5 Basics of Attorney Website Design
Attorneys are not web designers. In fact, attorneys may be some of the least technically savvy individuals around. However, that doesn’t have to stop you from creating a great attorney website design.
Before jumping into keywords and search engine optimization, you will need to know some basic steps to creating a lawyer website:
1. Clean It Up. You will want to pick colors and a layout that are visually appealing. The difficult job of creating a great attorney website is balancing informative content, while avoiding clutter and information overload. Pictures, images, and videos are good, but too many may be distracting.
2. Smile. Potential clients want to know what their attorney looks like. Have a headshot on your website. While the headshot does not need to be a shot of you in a courtroom, it should convey the professional image you want to present.
3. Tell Me About Yourself. Don’t treat your bio as an afterthought. Potential clients will learn more about you (and find more reasons to hire you) based on the information you provide in your bio. You should cover the basics like your practice areas, experience, and schooling. In addition, you may want to add personal information like your hobbies and family life.
4. Blog. A blog is a great feature to have on your website. You can create content that directly appeals to potential clients on a regular basis. You can also let clients know that you are current and up to date on the happenings in your practice area. Finally, a blog is a great way tool for search engine optimization.
5. Search Engine Optimize. Once you have the basics of a lawyer website down, you can begin search engine optimization. This should start with creating informative and rich content. In addition, this will include having relevant keywords and phrases. Finally, you will need to keep your website fresh (such as with blogging).
It is a big commitment to create a great lawyer website. As your website may be the first contact you have with potential clients, it is an investment worth making. Contact us to learn more about lawyer websites and attorney marketing.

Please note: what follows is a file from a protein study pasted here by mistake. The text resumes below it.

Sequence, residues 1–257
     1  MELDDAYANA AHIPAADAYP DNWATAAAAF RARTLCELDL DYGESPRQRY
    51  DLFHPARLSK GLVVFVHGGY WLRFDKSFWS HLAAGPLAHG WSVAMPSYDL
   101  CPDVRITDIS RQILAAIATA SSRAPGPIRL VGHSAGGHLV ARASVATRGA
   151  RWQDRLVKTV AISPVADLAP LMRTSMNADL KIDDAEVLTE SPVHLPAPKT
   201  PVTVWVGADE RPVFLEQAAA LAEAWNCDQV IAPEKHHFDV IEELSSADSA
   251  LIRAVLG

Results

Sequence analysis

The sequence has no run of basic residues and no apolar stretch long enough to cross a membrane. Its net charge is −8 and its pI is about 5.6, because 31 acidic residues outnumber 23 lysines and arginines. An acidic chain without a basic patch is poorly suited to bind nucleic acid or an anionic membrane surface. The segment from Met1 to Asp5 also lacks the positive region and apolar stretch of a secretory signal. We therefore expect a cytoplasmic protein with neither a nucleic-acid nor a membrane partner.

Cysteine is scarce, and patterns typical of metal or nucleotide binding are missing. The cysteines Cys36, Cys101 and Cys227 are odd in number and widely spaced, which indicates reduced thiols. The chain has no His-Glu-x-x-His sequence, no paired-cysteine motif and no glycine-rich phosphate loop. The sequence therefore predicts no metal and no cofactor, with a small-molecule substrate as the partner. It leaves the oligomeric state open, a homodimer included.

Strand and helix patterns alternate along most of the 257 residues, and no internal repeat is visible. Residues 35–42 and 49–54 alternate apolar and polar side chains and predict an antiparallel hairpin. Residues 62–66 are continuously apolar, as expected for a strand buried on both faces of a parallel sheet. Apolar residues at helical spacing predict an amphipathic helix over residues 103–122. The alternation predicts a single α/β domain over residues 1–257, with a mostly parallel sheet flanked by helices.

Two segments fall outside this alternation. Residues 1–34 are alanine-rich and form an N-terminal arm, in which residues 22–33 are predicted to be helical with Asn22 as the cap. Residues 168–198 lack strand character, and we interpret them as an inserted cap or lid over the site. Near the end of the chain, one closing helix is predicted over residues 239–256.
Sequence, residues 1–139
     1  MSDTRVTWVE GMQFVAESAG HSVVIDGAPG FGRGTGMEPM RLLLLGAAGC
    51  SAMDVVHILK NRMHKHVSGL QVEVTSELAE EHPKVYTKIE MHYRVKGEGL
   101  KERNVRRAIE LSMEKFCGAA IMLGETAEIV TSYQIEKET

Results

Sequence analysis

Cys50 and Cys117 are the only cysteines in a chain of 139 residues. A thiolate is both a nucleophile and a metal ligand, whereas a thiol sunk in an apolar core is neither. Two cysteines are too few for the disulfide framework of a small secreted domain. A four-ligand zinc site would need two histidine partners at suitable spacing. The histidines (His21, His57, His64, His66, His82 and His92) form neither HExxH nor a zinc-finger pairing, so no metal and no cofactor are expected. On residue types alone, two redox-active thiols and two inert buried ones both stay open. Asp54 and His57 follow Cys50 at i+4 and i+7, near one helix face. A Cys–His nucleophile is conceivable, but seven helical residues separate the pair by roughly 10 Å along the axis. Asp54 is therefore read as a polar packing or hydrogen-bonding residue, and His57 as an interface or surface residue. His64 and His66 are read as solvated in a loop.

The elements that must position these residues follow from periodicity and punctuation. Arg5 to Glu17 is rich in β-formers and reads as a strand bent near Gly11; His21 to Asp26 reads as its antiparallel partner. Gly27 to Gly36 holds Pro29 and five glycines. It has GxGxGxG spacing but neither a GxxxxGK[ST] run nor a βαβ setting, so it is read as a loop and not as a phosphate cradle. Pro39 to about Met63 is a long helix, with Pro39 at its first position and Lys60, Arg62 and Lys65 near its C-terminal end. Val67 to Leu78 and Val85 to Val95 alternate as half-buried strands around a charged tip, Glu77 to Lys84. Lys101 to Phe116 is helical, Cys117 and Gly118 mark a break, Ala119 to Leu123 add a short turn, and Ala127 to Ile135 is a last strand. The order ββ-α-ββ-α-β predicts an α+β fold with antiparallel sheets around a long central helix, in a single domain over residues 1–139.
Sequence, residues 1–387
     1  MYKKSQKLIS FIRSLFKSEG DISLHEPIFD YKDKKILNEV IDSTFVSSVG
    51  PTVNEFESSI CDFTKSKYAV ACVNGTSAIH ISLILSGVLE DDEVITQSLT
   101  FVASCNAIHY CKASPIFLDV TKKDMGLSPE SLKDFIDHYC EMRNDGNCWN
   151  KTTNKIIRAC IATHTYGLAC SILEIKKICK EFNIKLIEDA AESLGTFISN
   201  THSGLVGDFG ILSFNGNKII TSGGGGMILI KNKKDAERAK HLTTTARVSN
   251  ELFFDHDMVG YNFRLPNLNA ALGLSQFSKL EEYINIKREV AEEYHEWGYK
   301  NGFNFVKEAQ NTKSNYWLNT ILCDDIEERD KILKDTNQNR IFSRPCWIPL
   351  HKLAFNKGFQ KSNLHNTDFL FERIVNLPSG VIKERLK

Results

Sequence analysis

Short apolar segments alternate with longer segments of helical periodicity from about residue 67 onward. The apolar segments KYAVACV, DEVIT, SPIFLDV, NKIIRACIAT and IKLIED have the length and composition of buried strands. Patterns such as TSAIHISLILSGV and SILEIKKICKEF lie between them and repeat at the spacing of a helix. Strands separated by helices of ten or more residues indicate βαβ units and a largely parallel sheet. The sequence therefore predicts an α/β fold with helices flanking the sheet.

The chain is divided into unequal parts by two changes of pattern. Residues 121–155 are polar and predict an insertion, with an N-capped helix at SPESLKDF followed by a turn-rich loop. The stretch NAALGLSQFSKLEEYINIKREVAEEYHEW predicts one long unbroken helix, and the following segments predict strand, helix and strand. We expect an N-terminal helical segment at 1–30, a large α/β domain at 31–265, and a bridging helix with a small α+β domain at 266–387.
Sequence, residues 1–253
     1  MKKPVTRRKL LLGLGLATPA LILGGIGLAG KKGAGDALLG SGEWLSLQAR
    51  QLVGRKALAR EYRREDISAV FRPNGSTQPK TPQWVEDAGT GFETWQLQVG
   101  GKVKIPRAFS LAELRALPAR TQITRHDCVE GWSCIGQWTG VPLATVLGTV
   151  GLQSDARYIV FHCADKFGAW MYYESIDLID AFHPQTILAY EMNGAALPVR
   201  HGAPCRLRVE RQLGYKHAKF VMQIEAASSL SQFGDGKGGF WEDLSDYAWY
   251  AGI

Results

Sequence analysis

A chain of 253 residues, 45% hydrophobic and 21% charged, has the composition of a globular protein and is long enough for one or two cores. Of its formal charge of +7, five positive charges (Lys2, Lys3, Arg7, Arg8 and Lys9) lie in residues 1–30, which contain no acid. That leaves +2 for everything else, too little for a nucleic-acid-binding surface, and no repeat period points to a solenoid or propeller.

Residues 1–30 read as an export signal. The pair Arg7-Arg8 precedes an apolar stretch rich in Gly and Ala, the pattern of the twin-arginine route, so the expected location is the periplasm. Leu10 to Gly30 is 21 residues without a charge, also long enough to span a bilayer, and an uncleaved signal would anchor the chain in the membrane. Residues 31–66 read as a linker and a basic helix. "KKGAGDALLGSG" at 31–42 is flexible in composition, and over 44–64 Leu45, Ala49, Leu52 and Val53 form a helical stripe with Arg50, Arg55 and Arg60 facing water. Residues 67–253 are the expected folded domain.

5 Simple Fixes to Make Your Attorney Website Design More Efficient
Your law firm website may be the first and last thing that a potential client sees. As a result, it is very important to make your website effective at selling you. It is not enough to simply put up a website.
Instead, you should ask yourself whether you would hire someone with a website like yours. Fortunately, many law firm websites can be greatly improved by a few simple fixes. Here is a look at five ideas to make your law firm website more effective:
1. Clean It Up.
Perhaps the most common problem with attorney websites is the desire to put in anything and everything. For example, there may be pop-up ads, videos, pictures, and multiple frames of pure text. Sometimes less is more. You don’t need to include every shiny new feature on every page of your website. Potential clients will appreciate a crisp and clean site.
2. Keep It Up to Date.
If the year is 2013, your “recent” cases and notable trials should not be from 2008. You should develop a habit of updating and maintaining your website several times a year. For example, you can update your accomplishments as well as practice areas. A blog may be an effective way to keep your website up to date while also generating new content.
3. Dump Stock Photos.
Give your website a personal touch. Potential clients want to feel a connection to their attorney. Consider adding photos of yourself and your staff. Hiring a professional photographer may be a worthwhile investment.
4. Embrace Social Media.
Social media like Twitter, Facebook, and Yelp are not going anywhere. If anything, these sites are playing a bigger role in determining search rankings. You can include links to your social media sites on your website. More importantly, you should link to your site through social media thereby driving traffic and your rankings.
5. Be Accessible.
Make sure your contact information is prominent. A potential client should know how to reach you on any page of your website. You should include both a phone number and a physical address. Too many attorneys bury their contact information making it difficult for clients to call. If it’s too hard to find you, a potential client will simply move on.
If you have any questions about creating a website or improving an existing site, contact us to discuss your marketing goals.
In attorney internet marketing, appearance counts
Prospective clients who search for lawyers on the web frequently look at several sites before deciding which attorney to contact. On attorney internet marketing playing field, how does your website game compare?
- Have a reasonably-modern design, or does it instead look like it was created ages ago?
- Answer common client questions on the home page, or does the home page mistakenly focus on you?
- Use videos to teach non-readers?
- Have a case submission form and prominent 800 number?